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Technology NASCAR and online advertising

NASCAR and online advertising

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Robert Francis
Robert is a Fort Worth native and longtime editor of the Fort Worth Business Press. He is a former president of the local Society of Professional Journalists and was a freelancer for a variety of newspapers, weeklies and magazines, including American Way, BrandWeek and InformatonWeek. A graduate of TCU, Robert has held a variety of writing and editing positions at publications such as the Grand Prairie Daily News and InfoWorld. He is also a musician and playwright.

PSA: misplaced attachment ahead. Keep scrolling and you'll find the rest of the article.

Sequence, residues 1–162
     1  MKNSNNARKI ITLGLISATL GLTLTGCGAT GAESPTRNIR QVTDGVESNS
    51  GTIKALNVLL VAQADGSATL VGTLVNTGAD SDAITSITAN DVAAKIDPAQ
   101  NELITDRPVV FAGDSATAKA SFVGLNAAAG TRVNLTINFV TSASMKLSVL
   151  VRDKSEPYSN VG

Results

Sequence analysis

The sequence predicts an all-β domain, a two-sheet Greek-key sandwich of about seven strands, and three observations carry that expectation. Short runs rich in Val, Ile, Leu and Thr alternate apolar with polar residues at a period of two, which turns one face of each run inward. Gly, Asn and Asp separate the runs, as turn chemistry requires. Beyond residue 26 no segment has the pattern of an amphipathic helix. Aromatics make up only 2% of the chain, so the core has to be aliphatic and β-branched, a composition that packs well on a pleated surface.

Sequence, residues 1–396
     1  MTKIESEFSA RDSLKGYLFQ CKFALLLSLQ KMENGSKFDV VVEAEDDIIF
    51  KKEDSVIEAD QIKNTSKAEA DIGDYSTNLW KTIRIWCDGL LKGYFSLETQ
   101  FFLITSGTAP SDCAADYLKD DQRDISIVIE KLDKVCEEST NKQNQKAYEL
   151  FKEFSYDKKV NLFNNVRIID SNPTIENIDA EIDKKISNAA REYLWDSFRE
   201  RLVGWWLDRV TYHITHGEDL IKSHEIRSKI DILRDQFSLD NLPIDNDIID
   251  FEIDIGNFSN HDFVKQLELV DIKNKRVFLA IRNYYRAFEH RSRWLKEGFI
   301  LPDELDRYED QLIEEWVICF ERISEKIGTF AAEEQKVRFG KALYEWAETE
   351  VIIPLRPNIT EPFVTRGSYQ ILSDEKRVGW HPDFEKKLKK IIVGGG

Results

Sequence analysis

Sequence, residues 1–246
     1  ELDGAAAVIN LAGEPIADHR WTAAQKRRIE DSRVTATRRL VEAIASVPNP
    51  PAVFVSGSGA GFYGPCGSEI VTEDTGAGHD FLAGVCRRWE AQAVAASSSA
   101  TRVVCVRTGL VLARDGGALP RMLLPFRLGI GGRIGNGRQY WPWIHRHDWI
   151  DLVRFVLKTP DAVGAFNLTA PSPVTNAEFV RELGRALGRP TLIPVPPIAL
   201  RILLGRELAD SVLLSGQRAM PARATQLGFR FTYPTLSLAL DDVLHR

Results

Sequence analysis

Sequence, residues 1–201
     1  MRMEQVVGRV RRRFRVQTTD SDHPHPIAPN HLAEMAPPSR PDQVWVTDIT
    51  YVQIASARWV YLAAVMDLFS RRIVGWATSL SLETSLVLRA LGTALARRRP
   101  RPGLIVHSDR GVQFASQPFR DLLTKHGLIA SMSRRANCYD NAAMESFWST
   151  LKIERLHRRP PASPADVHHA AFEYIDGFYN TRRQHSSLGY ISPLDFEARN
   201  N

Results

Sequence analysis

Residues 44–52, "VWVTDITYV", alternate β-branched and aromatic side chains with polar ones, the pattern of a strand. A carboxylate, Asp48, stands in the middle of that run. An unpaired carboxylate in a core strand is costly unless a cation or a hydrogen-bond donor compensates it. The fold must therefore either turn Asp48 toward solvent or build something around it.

Chris Munizza     I am sure that most of you know twice a year NASCAR comes to town. On April 13, the NRA 500 NASCAR Sprint Cup Series race took place at Texas Motor Speedway. There was a variety of events and appearances over the week culminating with a Friday and Saturday night race. So you may ask yourself, “What does that have to do with online advertising?” If you missed the running of the Daytona 500 last year you missed a unique race and a powerful example of social media. The race was red-flagged or stopped with 40 laps to go. There was a very bad wreck and it took a long time to clean it up and actually repair the track. When NASCAR red-flags a race the drivers normally stay in their cars. If it is an extended cleanup, officials will let the drivers get out of their cars. Brad Keselowski, last year’s Sprint Cup champion, decided to bring his smartphone with him in the car during the race. I am not sure why, certainly he wasn’t texting and driving. Whatever the reason, it made for some interesting reporting from his Twitter account. At the start of the night it was reported that he had an estimated 55,000 Twitter followers. By the end of the night I saw that he had over 205,000 followers. When the drivers got out he started tweeting comments and pictures from the track. The commentators got word of what he was doing and his account blew up. I know that we all don’t have the ability to tweet from the running of the Daytona 500 but you get the idea. It makes for an interesting story but what does that even mean for a normal business? Why should you care? Well, here are some statistics you may be interested in: • In the U.S. alone, 82 percent of adults use the Internet, with the typical user spending an average of 38.8 hours per month online. • Twenty-two percent of that time is spent on social networking and 20 percent on reading content. • Since 2005, social networking has been the fastest-growing online activity. • Consumers spend an average of 36 minutes per month on Twitter via desktop computer. • Consumers spend a growing amount of time on social media sites via mobile devices. • Twitter gets about 114 minutes per month via mobile phones and browsers. • The overall spending on social media advertising was estimated to reach $4.8 billion in 2012. This is up 23.6 percent from 2011. Again, you may be asking yourself, “Why should I care?” Well, whether you like it or not there is a conversation going on every day online. As a business you have a chance to be involved or not. The challenge you are going to run into is that this is becoming more of the standard conversation. So let’s take Brad’s story for example. By the end of that race he was going to be involved in 270 percent more conversations than he was before the race. His name, his brand and his sponsor are all benefitting from access to those conversations. That is just the immediate conversations. What about retweets by other people and responses back from Brad? Are you getting the impact now? What would it mean for your brand to be in front of that many people on a recurring basis? Are you currently paying for that in some form of traditional media like TV, radio or billboards? Twitter is only one of the outlets for your company or brand to be involved in the conversation. Chris Munizza is an Internet marketing consultant at ReachLocal. Chris.munizza@reachlocal.com


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